What makes a great investment market?

55 Replies

Hey @Mindy Jensen ,

Here are some criteria which comes from a landlord's perspective (who has a Land banking mentality):

1) Area with tenants where you feel confident to manage them (can different from person to person, some are good with dealing with A-class tenants, some are better at dealing with C-D class)

2) All things equal, the closer to where you live, the better.

3) With sustainable cashflow (ie. land banking requires waiting, so if you can sustain the houses (at least break even plus some buffer), then you can at least keep the house forever).  Again, different people have different answer.  Where you can buy will be dependent on what your cost of capital is.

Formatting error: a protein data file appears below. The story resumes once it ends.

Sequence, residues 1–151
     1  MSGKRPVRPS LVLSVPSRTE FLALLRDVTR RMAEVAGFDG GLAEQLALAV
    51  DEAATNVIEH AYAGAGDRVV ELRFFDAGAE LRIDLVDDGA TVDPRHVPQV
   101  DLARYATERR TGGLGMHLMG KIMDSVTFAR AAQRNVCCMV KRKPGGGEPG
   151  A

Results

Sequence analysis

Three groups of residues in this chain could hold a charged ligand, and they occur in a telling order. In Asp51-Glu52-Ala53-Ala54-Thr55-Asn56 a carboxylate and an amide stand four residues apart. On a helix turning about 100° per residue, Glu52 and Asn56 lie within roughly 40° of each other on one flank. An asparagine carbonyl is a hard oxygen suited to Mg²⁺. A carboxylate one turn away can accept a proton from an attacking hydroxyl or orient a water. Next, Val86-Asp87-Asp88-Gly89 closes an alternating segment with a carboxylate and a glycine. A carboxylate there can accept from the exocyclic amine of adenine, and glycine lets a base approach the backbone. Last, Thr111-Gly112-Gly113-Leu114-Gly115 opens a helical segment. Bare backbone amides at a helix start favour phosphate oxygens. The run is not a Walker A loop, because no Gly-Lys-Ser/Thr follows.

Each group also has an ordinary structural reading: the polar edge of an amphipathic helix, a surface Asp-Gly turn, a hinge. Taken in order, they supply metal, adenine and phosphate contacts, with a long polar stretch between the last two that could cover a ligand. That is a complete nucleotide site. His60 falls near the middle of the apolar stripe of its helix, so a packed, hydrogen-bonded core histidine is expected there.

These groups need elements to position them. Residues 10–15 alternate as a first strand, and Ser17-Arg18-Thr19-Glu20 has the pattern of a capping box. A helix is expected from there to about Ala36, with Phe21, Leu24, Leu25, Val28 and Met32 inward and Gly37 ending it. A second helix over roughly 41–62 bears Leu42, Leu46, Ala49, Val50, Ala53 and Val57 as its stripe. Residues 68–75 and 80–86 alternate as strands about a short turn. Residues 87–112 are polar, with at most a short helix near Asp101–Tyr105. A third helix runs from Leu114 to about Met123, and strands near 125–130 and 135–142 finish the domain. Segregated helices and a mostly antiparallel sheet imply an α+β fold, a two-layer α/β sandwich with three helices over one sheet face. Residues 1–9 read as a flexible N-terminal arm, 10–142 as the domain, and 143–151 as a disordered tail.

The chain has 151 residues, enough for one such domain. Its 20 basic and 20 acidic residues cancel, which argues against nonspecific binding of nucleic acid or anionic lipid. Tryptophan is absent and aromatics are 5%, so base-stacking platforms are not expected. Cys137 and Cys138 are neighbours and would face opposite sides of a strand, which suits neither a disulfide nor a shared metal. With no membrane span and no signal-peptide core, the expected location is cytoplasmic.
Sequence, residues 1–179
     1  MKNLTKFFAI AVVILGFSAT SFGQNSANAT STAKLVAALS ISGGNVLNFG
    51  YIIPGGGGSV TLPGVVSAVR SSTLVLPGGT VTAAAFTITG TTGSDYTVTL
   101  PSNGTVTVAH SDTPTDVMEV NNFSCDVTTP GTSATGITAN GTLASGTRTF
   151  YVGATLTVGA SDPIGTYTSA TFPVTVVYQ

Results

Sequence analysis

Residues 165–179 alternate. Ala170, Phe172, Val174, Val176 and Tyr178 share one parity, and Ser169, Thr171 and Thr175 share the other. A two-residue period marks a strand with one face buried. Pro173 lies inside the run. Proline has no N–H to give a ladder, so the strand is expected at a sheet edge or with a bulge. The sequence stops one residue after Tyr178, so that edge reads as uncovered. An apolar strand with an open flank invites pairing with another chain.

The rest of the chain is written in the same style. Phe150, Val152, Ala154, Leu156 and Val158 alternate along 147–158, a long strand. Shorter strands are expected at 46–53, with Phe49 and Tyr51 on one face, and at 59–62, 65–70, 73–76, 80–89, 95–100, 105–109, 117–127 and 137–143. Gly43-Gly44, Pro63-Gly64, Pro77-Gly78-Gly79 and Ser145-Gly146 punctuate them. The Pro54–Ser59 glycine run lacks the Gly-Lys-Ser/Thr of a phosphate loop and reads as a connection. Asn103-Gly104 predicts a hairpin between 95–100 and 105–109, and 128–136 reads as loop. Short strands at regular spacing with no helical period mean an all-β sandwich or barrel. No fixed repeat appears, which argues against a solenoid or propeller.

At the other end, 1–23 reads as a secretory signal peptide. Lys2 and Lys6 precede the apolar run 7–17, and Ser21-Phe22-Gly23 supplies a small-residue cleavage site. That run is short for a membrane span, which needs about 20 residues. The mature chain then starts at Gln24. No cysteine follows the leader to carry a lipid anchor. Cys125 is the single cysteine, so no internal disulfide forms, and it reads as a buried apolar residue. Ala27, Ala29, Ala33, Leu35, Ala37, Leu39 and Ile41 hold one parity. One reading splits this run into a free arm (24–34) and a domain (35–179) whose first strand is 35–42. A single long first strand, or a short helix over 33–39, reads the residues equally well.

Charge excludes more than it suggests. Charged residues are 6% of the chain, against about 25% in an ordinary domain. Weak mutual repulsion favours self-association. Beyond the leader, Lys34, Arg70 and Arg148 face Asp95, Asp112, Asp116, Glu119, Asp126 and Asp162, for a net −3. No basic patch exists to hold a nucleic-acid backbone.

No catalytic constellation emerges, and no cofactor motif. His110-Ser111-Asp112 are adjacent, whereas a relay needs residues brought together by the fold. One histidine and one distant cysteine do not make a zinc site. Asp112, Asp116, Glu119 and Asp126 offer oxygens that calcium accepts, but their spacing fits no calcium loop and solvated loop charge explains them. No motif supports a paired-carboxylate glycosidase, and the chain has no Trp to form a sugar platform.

4) Of course, have the potential (NOT guarantee) the town/city will be developed.

P.S. Think of this strategy as buying a house equals to getting a perpetual option to wait for the city to turn (since you run your portfolio with sustainable cashflow per #3).  Worst case scenario, you finish paying off your debt and own the house free-and-clear after X years.  Best case scenario, the city you pick turns around and you hit jackpot.

Here's a great blog post about how to analyze a city for investing if you haven't already taken a look at it. http://www.biggerpockets.com/renewsblog/2015/05/10/invest-out-of-state-how-to-analyze-a-city/ I have been digging into CAFRs for cities I'm interested in and they contain some great information.

@Mindy Jensen

 Great topic. It will be interesting to read others perspective on this.

Our goals are more long term and we do not need a lot of cash flow in the near future. Having said that  we do not want to have negative cash flow so we pay higher than average down payment. So our choices are based on that

1) Neighborhood and tenant class (We prefer A or B class ). We are okay sacrificing cash flow for this.